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Tuesday, 25 October 2016

56 Years of Nigerian Literature: Mabel Segun

October is almost over, and so is my month celebrating Nigerian women writers. Today it's all about Mabel Segun - a poet, playwright and writer. 


Image via Facebook
While Mabel Segun has written for both adults and children, in this post I focus on her children's books - as she is said to have written, co-authored and edited around eleven children's books. These include the autobiographies for younger readers My Father's Daughter published in 1965 and My Mother's Daughter published in 1986, as well as Olu and the Broken Statue (1985), The First Corn (1989)  and The Twins and the Tree Spirits (1991/2004). Segun also has published poetry for children, including one she edited with Neville Grant - Under the Mango Tree (1980) - that features poems for all over Africa and the diaspora.




A champion for children's literature in Nigeria, Segun founded the Children's literature Association of Nigeria in 1978 and set up the Children's Documentation and Research Centre in 1990 in Ibadan. In an interview Mabel Segun did with Wale Okediran, Okediran asked Segun 'what's all this fuss about training workshops' with reference to writing for children as it's 'no big deal'. To which Segun responds:


... writing for children is much more difficult than writing for adults. Children at different ages have different interests, different psychological make-ups and different cognitive experiences. You must use simple language and you must never talk down to children.

Image via Preserving the Landscape of Imagination

In addition, Segun's biography includes being a fellow at the International Youth Library in Munich, on the children's books review panel for African Book Publishing Record published in Oxford, an assessor for the Noma Award for Publishing in Africa and a collaborator with the International Board on Books for Young People in Basel. In 2007, Segun's play for children - Readers' Theatre: Twelve Plays for Young People was joint winner of the NLNG Nigeria Prize for Children's Literature. The twelve plays included popular folktales, as well as ones on Nigerian heroes.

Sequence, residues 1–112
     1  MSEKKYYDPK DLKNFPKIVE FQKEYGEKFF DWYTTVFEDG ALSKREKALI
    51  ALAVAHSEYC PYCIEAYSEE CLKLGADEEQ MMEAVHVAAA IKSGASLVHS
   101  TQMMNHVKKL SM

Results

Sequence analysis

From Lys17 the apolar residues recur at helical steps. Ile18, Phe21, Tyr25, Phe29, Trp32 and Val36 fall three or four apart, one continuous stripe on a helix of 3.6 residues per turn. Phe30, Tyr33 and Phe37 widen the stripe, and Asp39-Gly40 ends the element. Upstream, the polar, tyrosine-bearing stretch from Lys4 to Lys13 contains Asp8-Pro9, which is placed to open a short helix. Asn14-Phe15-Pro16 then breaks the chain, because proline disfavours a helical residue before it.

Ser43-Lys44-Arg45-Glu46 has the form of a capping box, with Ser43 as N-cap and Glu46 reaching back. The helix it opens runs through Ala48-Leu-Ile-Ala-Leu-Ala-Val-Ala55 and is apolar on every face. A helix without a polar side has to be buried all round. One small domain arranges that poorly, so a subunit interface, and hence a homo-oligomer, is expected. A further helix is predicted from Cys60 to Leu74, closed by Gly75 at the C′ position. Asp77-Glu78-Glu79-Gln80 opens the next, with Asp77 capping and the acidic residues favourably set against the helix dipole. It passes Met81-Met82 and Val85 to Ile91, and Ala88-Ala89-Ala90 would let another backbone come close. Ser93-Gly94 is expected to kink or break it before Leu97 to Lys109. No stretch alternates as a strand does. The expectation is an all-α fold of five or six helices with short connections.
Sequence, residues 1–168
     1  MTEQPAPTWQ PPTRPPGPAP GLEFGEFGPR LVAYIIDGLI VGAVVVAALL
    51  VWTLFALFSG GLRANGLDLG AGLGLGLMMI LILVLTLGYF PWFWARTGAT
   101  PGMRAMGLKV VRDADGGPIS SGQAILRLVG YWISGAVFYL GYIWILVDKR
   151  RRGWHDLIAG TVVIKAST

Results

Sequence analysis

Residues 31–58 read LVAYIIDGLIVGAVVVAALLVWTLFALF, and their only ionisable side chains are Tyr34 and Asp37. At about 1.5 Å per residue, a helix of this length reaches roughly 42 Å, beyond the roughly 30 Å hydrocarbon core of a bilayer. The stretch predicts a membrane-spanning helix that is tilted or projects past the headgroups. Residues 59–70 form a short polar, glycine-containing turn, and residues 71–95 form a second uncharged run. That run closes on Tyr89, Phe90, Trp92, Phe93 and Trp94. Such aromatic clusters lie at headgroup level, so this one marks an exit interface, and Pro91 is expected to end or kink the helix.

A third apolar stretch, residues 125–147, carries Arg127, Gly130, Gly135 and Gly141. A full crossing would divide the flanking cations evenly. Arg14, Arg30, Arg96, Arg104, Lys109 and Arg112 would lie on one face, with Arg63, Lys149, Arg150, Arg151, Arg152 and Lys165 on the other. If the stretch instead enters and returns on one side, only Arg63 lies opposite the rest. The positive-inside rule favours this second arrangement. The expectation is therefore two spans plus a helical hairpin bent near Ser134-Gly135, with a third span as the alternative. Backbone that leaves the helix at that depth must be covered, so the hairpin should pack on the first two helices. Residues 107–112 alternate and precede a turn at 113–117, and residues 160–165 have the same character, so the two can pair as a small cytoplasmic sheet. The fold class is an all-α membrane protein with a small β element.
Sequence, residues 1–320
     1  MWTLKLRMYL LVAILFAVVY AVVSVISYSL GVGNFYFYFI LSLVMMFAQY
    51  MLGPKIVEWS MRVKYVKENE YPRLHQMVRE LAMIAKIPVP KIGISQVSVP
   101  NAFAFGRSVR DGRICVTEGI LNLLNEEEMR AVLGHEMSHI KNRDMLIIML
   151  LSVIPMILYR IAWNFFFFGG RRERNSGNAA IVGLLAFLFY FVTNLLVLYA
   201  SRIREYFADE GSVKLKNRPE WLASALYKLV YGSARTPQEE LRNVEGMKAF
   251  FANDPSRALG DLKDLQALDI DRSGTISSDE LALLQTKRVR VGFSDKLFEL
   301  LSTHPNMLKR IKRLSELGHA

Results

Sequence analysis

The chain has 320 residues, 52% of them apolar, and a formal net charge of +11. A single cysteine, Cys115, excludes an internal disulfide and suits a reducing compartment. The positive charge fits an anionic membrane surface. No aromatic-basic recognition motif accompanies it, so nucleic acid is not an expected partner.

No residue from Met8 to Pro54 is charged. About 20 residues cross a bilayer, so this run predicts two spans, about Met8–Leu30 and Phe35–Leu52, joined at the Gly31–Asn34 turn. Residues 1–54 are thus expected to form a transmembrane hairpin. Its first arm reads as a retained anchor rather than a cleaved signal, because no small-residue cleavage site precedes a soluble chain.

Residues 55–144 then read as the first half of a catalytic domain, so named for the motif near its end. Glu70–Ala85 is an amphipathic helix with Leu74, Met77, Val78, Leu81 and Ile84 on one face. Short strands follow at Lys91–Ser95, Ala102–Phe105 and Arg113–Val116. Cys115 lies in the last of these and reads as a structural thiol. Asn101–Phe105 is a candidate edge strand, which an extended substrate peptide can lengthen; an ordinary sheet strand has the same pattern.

Finally, while my celebration focuses on works published since 1960, I had to share this fascinating excerpt from Segun's interview with Wale Okediran on 'who should rightly be called the first published female writer in Nigeria': 


Flora Nwapa is not the first published Nigerian female writer. In 'Nigerian Women in the Arts', Phebaan Itayemi, now Phebean Ogundipe, has this distinction. Her short story, which won a British Council competition in 1946, was published in an anthology ... I am the second Nigerian female to be published abroad. In 1954, twelve years before Heinemann published Flora's first novel, 'Efuru' (1966), three poems were translated into German and published in a German anthology, 'Shwarzer Orpheus'. In 1958, one poem and a short story were similarly published in another German anthology. Before these foreign anthologies were published, I contributed short stories, poems and essays to the Ibadan University College magazine, the 'University Herald' (1950-54). In 1962, I was the only female writer included in 'Reflections' - still before Flora's debut with her novel. In these early days, poetry and short stories were usually published in anthologies. Single author collections were rare.


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